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Flamingo Flower Overview
Anthurium scherzerianum is a popular, epiphytic, perennial plant with a tropical feel. Epiphytic species grow without the need for soil substrate. This plant is grown for its attractive red blooms which are particularly popular in the cut flower trade – they have a shiny, waxy texture and are fairly long-lasting as cut flowers. It produces glossy dark green leaves and bright red, heart-shaped, flower-like spathe structures surrounding a yellow-orange spadix with a prominent twist at the end. This unique plant can be grown as a landscape plant in tropical gardens. It is prized across the globe as a houseplant or tender patio plant in temperate climates. With some care and attention, you may enjoy a touch of the tropics all year round in your home, with this unique and beautiful red blooming Anthurium! This species has also earnt a Royal Horticultural Society Award of Garden Merit.
Common problems with Flamingo Flower
Scales insects and mealybugs can sometimes infest Anthurium scherzerianum. Be sure to check under the leaves of plants regularly.
How to harvest Flamingo Flower
Harvest after 3 – 6 months of planting. Each leaf unfolds to produce one flower. Flowers are harvested when the spathe completely unfurls and the spadix is well developed with one-third of bisexual flowers open. Harvesting has to be done during cooler parts of the day i.e. early morning or late evening. In general, the blooms are placed in water held in plastic buckets immediately after cutting from the plant. Delay in keeping in water allows air entry into the stem and causes blockage of the vascular vessels. Cut flowers after harvest should be shifted to pre-cooling chambers in refrigerated vehicles having 2-4°C temperature as they deteriorate most rapidly at high temperature.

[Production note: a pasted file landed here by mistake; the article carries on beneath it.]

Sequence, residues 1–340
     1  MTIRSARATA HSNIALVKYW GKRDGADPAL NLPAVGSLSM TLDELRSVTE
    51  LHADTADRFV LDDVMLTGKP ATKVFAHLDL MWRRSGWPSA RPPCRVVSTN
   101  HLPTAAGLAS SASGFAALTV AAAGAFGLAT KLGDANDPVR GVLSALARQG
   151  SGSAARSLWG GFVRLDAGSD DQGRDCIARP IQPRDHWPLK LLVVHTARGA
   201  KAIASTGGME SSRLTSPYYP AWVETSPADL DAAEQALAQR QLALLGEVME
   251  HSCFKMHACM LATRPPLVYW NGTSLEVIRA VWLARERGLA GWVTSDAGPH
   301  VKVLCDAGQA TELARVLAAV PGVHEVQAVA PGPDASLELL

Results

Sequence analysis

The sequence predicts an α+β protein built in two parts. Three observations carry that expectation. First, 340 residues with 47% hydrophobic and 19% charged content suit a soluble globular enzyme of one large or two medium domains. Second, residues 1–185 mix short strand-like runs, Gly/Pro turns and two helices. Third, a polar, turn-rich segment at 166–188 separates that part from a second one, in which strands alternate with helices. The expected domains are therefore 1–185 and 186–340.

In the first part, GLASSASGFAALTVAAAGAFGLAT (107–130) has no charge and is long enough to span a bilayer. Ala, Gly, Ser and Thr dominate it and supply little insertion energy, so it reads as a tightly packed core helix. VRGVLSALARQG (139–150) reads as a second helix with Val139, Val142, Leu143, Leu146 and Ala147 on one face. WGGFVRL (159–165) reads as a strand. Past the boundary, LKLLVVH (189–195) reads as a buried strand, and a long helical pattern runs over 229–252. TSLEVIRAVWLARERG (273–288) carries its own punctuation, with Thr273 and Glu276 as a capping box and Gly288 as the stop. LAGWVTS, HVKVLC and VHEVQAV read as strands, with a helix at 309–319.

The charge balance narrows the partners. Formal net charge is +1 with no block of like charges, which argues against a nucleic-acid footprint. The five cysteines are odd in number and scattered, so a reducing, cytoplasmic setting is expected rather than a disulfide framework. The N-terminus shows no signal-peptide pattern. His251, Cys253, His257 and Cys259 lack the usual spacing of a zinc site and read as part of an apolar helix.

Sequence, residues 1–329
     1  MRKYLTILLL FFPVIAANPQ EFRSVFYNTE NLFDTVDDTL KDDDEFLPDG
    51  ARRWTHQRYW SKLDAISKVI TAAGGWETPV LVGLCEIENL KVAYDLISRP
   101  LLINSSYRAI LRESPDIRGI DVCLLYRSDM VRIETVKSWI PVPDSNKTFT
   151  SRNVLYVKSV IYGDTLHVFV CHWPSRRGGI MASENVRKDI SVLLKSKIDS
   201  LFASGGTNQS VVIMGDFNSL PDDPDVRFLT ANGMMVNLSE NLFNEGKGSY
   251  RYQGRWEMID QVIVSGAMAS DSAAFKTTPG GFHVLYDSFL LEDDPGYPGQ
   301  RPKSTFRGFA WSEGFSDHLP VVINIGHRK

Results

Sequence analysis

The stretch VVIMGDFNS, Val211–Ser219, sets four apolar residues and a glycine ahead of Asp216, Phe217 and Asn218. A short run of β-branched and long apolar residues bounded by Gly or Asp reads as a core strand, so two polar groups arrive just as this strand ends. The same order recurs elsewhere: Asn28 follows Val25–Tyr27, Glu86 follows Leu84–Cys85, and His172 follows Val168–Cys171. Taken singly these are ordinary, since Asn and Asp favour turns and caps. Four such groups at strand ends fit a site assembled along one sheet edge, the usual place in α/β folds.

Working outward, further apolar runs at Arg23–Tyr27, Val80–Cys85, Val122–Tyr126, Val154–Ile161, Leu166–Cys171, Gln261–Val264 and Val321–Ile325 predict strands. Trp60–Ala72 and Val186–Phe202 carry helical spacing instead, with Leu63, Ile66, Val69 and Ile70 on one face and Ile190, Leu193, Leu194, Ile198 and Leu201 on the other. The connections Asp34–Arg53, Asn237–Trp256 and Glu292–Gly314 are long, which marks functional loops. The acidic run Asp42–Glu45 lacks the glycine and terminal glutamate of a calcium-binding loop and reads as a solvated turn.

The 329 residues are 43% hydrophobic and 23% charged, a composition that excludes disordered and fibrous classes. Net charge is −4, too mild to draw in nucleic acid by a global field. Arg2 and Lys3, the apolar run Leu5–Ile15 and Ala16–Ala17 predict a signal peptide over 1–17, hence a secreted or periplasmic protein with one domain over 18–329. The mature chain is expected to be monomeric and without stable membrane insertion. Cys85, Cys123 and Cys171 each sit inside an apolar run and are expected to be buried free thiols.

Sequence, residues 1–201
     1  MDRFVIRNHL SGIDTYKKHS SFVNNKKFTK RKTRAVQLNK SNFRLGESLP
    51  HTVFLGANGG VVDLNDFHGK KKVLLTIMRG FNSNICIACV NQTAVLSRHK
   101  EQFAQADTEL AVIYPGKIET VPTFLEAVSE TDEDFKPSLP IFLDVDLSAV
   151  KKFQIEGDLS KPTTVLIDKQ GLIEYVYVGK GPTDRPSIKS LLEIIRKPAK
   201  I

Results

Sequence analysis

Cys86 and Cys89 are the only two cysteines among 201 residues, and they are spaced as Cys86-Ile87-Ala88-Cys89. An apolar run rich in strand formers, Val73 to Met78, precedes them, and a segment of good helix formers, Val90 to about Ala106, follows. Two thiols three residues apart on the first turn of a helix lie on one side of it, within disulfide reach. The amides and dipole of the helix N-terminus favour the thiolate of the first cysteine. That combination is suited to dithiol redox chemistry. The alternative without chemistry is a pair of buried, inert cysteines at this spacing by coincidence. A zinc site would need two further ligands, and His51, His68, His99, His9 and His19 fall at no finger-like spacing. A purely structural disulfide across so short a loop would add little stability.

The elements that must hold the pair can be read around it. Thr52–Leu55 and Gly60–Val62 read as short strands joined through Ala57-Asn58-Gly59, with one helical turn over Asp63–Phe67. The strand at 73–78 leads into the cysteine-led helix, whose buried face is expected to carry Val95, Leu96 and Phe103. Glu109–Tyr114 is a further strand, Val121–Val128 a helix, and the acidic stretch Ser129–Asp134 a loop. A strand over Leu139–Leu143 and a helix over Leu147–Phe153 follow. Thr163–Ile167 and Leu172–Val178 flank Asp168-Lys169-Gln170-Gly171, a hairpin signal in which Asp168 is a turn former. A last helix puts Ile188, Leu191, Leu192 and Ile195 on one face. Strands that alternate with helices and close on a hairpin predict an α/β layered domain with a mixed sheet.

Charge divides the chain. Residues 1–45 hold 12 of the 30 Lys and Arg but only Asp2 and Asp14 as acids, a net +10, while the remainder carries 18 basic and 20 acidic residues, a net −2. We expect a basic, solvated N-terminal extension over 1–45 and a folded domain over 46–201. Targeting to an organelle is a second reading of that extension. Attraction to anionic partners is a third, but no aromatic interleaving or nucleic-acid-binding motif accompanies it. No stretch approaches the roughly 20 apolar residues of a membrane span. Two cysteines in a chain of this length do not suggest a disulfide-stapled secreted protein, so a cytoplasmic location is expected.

How to propagate Flamingo Flower
Can be propagated by dividing the stem with the roots in the spring and potting the separated pieces. Keep warm in an enclosed glass case with high humidity for a few weeks.
Sow seeds, as soon as they have ripened, in shallow earthenware pans filled with chopped sphagnum moss, charcoal and sand. Cover the pan with a piece of glass or plastic and place in a warm area.
Top off the stem with few roots of 3 to 4 year old plants, remove and plant. Each cutting should have a single eye or bud to produce good new roots.
Special features of Flamingo Flower
If you are growing this plant as a houseplant, half and half mix of potting soil and orchid soil or perlite will provide the kind of soil anthuriums thrive in.
When planting in a pot, half and half mix of potting soil and orchid soil or perlite will provide the kind of soil anthuriums will thrive in.
Attractive waxy blooms.
Other uses of Flamingo Flower
Grown for the foliage in some cases and others for their bright flowers.
Popular potplant to add colour indoors or cut flower to use in special bouquets.